# Thread: volume cone hw ?

1. ## volume cone hw ?

A construction company wants to know how much sand is in a pile. The company measures that the distance from the edge of the pile at ground level to the very top of the pile is 55 ft. The company also measures that the distance around the pile at ground level is 220 ft.

a.) How much sand is in the pile?

b.) The construction company has trucks that carry 10 cubic yards in each load. How many loads will it take to move the pile of sand? Explain

for a i came up with 54454.2 cubic feet and then for b i got 202 truck loads. I am not sure if they are right, but can someone please try this and give me some feedback??? Is one cubic yard equal to 27 cubic feet?

2. Originally Posted by igottaquestion
A construction company wants to know how much sand is in a pile. The company measures that the distance from the edge of the pile at ground level to the very top of the pile is 55 ft. The company also measures that the distance around the pile at ground level is 220 ft.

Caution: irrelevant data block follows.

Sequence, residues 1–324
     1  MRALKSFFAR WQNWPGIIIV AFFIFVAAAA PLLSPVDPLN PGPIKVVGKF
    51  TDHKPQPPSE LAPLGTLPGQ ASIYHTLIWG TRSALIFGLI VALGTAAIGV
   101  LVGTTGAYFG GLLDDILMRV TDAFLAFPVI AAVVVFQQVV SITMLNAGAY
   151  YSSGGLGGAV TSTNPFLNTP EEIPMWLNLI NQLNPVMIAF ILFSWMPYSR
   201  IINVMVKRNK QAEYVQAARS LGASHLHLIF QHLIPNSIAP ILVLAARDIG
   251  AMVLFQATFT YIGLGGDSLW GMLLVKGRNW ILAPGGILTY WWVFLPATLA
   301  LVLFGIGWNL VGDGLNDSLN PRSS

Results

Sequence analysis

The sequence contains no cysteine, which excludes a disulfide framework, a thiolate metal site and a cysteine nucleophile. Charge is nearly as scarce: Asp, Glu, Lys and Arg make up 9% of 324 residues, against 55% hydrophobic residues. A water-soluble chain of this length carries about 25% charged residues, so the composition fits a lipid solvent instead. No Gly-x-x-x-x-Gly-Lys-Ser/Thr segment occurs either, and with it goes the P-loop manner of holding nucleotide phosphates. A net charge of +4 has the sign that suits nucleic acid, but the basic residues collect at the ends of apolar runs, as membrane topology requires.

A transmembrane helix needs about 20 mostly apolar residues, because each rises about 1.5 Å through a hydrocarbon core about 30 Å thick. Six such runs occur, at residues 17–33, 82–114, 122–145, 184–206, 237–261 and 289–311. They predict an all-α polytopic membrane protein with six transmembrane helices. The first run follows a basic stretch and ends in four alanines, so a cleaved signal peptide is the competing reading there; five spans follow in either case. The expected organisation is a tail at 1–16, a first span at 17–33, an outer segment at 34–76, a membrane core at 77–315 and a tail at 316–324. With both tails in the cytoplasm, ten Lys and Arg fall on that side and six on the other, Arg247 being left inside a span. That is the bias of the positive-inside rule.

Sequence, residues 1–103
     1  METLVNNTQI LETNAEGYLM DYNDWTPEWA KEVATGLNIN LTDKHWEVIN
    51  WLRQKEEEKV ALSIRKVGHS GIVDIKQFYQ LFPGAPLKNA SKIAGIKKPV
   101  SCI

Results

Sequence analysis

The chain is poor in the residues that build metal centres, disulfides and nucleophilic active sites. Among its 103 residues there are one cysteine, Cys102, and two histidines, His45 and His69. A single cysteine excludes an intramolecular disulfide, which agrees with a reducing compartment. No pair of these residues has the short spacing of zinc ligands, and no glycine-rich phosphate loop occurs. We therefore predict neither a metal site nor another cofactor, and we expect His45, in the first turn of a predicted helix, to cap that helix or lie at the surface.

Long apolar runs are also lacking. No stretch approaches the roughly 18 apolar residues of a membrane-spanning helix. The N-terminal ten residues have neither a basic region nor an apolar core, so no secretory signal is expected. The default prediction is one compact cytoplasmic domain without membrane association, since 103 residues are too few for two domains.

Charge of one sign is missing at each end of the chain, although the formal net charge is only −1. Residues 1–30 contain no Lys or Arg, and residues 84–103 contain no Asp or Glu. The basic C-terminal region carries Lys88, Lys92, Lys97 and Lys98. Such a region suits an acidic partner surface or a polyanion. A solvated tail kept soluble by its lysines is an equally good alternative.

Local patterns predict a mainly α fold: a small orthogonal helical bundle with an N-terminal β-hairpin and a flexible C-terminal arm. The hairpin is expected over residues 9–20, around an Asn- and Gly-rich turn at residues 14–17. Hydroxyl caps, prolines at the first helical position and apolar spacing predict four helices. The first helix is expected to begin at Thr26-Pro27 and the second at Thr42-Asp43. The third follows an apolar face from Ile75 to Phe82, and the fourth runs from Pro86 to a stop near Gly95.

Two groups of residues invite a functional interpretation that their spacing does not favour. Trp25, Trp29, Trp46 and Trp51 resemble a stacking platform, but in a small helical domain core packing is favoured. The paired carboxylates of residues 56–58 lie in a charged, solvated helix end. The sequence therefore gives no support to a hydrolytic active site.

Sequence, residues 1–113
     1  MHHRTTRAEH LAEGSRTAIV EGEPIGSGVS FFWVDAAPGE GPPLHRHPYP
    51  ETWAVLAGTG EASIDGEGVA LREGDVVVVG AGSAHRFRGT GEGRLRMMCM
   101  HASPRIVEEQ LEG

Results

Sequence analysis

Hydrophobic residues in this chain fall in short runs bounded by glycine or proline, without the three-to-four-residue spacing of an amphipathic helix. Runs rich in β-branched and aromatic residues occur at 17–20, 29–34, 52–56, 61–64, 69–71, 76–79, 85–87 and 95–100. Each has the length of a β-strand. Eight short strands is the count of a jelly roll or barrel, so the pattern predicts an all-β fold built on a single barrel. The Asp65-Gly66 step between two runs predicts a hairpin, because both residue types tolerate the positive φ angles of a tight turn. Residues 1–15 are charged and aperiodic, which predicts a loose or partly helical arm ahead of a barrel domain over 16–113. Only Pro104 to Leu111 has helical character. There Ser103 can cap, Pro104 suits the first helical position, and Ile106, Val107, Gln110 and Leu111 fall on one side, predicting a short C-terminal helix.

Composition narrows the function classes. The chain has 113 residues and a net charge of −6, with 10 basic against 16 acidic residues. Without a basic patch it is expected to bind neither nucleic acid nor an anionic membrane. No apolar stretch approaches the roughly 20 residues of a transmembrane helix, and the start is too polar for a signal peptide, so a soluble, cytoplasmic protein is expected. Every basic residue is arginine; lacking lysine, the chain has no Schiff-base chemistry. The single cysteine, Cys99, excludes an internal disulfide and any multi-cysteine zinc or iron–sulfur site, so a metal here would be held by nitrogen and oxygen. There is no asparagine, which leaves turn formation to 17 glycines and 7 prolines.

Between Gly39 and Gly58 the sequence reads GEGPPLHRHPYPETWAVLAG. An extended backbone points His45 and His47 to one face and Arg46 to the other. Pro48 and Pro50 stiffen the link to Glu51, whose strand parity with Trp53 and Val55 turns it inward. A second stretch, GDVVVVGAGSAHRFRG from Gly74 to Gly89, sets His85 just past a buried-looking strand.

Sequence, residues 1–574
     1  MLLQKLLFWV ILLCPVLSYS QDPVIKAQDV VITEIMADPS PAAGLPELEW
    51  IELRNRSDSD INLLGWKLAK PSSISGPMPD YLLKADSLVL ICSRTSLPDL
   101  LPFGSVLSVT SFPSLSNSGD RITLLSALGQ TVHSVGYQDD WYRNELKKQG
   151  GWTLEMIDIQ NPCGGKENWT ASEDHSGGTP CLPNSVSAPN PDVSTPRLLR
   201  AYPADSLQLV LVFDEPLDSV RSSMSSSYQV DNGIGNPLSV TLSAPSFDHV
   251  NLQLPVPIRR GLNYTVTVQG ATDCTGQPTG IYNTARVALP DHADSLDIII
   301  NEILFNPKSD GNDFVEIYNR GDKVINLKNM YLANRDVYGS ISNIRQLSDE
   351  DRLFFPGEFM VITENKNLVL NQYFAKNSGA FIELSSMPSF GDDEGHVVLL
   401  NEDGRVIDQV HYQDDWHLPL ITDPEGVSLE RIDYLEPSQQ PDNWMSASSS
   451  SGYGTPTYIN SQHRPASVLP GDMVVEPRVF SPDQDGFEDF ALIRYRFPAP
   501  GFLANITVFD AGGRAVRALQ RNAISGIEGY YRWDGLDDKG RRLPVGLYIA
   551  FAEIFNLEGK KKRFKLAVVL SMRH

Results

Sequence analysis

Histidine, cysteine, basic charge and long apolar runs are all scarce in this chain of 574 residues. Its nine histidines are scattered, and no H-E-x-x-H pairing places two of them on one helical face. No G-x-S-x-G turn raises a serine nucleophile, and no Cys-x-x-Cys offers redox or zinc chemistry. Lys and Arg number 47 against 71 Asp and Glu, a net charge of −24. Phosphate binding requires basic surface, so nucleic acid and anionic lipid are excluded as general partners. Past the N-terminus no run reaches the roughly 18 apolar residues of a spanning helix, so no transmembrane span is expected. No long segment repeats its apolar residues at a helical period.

a.) How much sand is in the pile?

b.) The construction company has trucks that carry 10 cubic yards in each load. How many loads will it take to move the pile of sand? Explain

for a i came up with 54454.2 cubic feet and then for b i got 202 truck loads. I am not sure if they are right, but can someone please try this and give me some feedback??? Is one cubic yard equal to 27 cubic feet?

Recall: $C=2\pi{r}$

You were given $C=220ft$, so find $r$.

Also note that $r$ and $55ft$ respectively form the leg and the hypotenuse of a right triangle so that the hieght $h$ of the pile can be found by

$(55)^2-r^2=h^2$.

The Volume of the pile: $V=\frac{1}{3}\pi{r}^3$

3. i got r=110/pie

i thought the volume of a cone is 1/3 pie r squared h???
is this not right?

what did you get for the volume of the pile...i got 54454.2 cubic feet

4. Originally Posted by igottaquestion

i thought the volume of a cone is 1/3 pie r squared h???
is this not right?
All I can say to that is......oops. You are correct. $V=\frac{1}{3}\pi{r^2h}$. Sorry about that.

5. have you looked at part b?

6. Originally Posted by igottaquestion
have you looked at part b?
You mean $V/10$? I gave it a thought. Oh, but dont forget to convert.